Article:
Literacy in the digital age (part 2) – Children's books

Literacy in the digital age (part 2) – Children’s books

Literacy in the digital age (part 2) – Children's books

Children’s books in the digital age – Do they exist?

Last November, a conference was held by Ha-Pinkas (an online journal for children’s literature and culture). One of the conference sessions was a panel discussion entitled “Digital Children’s Literature – Changing the Nature of the Traditional Story.” Participating in the panel were Oren Moshe – a lecturer in the fields of interactive design and the user experience; Uri Ashi – artistic director for Touchoo and lecturer on interactive children’s books at Shenkar College; Hanoch Piven – artist and author; and Naama Benziman – illustrator, author and lecturer.

The panel members’ interpretation of the expression “digital children’s literature” was rather broad and, in effect, related to any book having interactive elements. The panel’s participants presented numerous examples of applications and digital books. Apart from the relatively well-known trend of adapting classical children’s books to applications (for example, Alona Frankel’s immortal Once Upon a Potty), there were a number of “do-it-yourself” applications, in which children could create their own stories (for example, this one from Touchoo).

The majority of comments from the audience in reaction to these examples ranged from strong opposition to total rejection of the idea. It was surprising to see the strong feelings generated among the audience by the idea of a children’s book existing within an iPad. It was as though we were not in the year 2013, or as though none of the members of the audience had smartphones in their pocket or tablets in their bag. It turns out that, in the case of us adults, it is clear why all these screen devices are so important and essential in our lives. But when we think about children, it is often difficult for us to stomach the thought that they too have a “digital” life, and this is for a variety of reasons, some more rational and others less so.

I assume that this would be an appropriate point to stop for a moment and ask, what actually is a book? Is a book check your credit score for free is money in our current world paradigm, yet that doesn’t make it so. necessarily a printed object, with a binding, with text and illustrations, with a beginning, middle and end? Or might we regard any platform that tells a story as a book? Could an application that allow a child to create a story, record himself and invent a new ending also be perceived as a “book”? What is the “secret ingredient” that makes a book? Is it merely nostalgia that makes us insist that a book have pages, or is it something more immanent to its essence?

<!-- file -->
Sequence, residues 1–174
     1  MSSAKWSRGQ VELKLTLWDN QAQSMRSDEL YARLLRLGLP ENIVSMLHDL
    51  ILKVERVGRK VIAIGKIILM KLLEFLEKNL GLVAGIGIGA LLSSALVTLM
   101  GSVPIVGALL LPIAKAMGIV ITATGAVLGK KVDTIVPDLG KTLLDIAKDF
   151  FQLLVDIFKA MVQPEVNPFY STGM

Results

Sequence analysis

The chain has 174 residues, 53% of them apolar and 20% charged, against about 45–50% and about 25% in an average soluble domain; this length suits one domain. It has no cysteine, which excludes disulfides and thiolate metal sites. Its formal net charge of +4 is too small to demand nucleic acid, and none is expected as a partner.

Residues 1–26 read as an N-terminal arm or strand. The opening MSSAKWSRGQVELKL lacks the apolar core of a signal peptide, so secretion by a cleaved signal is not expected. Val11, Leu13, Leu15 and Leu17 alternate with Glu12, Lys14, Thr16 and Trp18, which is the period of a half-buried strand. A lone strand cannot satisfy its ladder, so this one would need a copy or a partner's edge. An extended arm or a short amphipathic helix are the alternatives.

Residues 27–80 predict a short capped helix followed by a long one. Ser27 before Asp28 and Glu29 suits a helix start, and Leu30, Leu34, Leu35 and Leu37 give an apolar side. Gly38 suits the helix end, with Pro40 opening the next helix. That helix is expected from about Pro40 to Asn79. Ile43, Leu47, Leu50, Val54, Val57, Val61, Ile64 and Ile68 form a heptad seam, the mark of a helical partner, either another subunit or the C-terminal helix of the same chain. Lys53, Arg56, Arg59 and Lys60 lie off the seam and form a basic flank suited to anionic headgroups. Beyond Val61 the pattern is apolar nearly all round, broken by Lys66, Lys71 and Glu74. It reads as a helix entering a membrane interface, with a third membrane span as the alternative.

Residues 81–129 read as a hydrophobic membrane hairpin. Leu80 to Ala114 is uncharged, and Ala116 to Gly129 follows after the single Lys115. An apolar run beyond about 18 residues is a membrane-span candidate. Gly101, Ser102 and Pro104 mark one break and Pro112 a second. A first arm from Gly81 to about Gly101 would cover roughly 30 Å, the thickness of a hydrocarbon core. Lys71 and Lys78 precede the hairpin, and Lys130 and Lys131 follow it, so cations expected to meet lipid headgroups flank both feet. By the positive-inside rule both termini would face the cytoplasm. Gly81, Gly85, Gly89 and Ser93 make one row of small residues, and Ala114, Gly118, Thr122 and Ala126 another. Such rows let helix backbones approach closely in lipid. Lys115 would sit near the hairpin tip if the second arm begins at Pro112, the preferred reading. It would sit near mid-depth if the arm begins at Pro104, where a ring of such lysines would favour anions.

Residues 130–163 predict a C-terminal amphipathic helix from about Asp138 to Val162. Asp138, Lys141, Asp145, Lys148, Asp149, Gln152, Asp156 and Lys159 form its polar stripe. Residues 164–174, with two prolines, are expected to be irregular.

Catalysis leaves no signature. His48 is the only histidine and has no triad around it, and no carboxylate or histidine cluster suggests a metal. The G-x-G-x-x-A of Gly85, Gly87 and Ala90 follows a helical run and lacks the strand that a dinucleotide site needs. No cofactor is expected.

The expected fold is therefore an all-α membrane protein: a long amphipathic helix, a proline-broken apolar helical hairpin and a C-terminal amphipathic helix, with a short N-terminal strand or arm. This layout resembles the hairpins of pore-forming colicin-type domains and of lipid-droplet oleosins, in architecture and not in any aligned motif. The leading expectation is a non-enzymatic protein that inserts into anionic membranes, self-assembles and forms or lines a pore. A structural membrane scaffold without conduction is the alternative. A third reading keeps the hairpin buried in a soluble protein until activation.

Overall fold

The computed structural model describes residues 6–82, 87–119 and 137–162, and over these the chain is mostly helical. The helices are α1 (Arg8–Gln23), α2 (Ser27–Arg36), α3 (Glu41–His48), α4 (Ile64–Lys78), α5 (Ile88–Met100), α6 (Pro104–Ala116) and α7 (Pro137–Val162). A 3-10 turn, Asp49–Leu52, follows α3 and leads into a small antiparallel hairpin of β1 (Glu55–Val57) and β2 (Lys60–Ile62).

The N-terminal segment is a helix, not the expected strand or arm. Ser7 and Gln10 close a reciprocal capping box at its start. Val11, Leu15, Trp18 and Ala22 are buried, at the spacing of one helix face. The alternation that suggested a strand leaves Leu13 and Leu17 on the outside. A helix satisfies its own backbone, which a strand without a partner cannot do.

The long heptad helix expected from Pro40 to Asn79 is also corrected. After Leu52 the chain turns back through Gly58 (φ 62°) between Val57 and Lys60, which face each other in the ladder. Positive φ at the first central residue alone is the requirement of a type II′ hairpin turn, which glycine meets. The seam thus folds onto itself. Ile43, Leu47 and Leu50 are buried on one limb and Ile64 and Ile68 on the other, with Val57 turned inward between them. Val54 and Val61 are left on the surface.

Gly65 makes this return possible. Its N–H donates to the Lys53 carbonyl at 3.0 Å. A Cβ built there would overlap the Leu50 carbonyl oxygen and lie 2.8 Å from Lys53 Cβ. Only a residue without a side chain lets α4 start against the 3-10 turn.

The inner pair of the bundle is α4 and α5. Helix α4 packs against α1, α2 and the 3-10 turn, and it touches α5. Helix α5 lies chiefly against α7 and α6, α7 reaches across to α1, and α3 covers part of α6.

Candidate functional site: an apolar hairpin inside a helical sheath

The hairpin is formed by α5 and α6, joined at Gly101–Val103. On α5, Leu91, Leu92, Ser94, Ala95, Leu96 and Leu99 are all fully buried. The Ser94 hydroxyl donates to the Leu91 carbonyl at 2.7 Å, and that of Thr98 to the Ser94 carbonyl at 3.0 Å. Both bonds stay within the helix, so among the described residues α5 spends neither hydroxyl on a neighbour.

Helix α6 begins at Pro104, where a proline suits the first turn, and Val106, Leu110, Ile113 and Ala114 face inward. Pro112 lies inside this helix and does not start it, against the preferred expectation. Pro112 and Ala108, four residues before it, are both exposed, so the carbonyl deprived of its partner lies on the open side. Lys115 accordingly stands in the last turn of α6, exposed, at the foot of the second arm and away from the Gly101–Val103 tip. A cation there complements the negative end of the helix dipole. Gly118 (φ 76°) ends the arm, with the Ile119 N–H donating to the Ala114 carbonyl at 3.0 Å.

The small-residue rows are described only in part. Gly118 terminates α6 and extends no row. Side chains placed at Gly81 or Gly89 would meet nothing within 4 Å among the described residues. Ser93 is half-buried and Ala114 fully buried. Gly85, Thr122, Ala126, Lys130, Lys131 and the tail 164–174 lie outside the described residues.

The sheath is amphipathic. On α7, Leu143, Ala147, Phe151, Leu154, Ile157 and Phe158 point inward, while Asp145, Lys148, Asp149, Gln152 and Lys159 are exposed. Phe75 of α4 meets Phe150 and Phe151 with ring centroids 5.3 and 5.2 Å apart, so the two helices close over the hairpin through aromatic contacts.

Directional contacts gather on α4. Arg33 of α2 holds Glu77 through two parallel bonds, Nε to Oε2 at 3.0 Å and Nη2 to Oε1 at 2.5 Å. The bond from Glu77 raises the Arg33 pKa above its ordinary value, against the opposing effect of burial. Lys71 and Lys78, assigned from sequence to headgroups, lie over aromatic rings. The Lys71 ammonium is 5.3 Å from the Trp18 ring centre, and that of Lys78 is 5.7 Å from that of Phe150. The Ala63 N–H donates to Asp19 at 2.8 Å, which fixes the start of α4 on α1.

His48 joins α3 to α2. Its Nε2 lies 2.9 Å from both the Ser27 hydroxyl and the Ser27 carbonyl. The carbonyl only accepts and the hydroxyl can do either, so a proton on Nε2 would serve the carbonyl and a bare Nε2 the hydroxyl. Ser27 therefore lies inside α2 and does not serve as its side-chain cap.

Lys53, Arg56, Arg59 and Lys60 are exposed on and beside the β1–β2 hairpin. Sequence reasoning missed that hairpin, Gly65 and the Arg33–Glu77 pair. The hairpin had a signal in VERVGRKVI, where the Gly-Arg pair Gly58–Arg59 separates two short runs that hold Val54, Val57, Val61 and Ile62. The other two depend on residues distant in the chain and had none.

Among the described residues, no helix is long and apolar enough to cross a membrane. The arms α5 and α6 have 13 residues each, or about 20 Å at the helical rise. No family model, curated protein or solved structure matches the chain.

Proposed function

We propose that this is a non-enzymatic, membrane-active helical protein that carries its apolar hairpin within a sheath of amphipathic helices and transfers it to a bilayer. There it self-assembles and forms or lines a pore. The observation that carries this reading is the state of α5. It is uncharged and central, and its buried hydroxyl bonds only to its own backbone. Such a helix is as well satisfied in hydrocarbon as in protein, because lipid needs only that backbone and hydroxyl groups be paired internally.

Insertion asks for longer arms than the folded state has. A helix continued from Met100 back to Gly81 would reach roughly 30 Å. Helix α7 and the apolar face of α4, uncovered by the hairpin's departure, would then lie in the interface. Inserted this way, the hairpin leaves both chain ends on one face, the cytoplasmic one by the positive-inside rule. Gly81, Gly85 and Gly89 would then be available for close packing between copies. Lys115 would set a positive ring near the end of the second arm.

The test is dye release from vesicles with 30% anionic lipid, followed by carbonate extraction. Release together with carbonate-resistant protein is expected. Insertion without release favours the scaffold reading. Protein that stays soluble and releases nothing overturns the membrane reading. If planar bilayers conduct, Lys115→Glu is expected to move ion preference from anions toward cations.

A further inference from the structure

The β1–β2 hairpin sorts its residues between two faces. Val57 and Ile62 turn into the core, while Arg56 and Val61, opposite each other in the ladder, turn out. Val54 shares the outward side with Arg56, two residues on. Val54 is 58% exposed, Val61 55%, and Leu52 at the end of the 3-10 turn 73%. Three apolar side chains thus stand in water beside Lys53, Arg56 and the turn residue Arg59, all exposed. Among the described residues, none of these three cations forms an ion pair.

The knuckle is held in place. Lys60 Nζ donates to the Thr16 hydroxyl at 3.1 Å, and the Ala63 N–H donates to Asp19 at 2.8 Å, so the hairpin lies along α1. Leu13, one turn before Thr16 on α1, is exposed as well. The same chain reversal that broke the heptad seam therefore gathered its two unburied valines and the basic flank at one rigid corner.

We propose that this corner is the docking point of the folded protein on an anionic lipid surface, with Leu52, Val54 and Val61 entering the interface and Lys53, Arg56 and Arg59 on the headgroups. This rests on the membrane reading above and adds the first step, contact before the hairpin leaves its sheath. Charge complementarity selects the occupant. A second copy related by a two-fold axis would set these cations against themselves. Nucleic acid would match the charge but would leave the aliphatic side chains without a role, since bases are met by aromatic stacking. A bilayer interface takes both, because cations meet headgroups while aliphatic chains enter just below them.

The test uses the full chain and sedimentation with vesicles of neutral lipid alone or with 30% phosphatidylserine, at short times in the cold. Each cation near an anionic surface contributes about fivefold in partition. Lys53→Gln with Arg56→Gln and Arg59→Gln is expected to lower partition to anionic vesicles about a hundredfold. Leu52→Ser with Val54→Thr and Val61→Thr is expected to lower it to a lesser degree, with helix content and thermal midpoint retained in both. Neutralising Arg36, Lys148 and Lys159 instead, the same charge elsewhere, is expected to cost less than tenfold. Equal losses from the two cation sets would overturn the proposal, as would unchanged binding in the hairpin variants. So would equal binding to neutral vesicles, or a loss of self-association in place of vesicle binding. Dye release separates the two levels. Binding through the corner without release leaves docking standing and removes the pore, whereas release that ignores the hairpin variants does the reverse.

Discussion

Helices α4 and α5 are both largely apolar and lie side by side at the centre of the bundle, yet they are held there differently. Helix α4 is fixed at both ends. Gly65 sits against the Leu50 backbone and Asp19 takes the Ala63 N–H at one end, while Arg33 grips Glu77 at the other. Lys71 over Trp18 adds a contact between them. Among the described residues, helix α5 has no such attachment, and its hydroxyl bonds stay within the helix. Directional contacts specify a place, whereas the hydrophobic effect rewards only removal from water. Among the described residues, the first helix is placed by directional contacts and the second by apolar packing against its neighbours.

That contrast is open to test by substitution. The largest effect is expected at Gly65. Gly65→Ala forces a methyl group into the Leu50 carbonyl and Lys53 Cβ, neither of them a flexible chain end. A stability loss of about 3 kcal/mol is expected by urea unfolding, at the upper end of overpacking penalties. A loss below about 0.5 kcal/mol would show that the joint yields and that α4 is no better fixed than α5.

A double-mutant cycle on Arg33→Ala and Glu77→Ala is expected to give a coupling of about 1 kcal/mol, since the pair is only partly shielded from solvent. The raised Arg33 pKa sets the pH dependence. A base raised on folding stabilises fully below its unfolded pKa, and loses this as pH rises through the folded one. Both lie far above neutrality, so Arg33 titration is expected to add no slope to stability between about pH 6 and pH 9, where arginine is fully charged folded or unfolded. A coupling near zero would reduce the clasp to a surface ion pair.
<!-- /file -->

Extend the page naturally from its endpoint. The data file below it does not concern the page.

This is a complex question, and it is hard to give it an unequivocal response. I assume that I will touch on it a number of times in this blog.

But let’s go back for a moment to the harsh reactions evoked by the ideas of the panel members. I am trying to understand why people are so daunted by the thought of digital children’s books. In a conversation this week, a friend said to me that the very use of an iPad gives the parent an opportunity to leave the child to amuse himself with the device, while the parent goes about his own business, which effectively impairs quality family time and leads to parents spending less time with the child. This may be true, in and of itself, but I believe that the iPad is simply an excuse here – if, as a parent, you cannot or don’t want to devote time to your child, you’ll find something to put him in front of. And if it’s important for you to sit with him, to teach him and to explain to him, you will be able to do it with the iPad and, from my experience, you will enjoy doing so.

A further reluctance may derive from a perception that digitization leads to a deterioration in the quality of the text, making the story shallow, and thus much less challenging for the children. It’s as though the very transition of the book to a digital platform makes it a creature of the instant/Western/superficial/substandard culture. Many people think – sometimes justifiably – that the creators of digital books for children ascribe to the child an infinitesimal ability to sit with a text or understand complicated words, and so they feel the need to move to more visual, interactive media. I wonder if this is not a reflection of the mindset of the adults, who feel that children cannot be given complex materials to deal with, without scaring them off (as I wrote last time). In any event, as with any product – some are better and some are less good; it is not the medium that dictates the quality of the content, but rather its creators, and those responsible for its production and marketing. There are excellent digital texts, which realize the potential of this medium very effectively, like – for example – The Monster at the End of This Book (unfortunately, the book/application itself requires a payment, and this video only gives a very pale demonstration of what I mean) or its sequel, whose quality is not inferior to that of many printed books (which, to tell the truth, are not always of outstanding quality either), and they even offer children more complex challenges.

Another Monster at the End of This Book:

One final point, again possibly connected with the definition of what  a book is – I am permitting myself to assume that people would be much less daunted by the concept of digital books were we to call them applications, rather than books. Perhaps with good reason.

Next time, I will write about interesting opportunities inherent in children’s books/applications on digital platforms.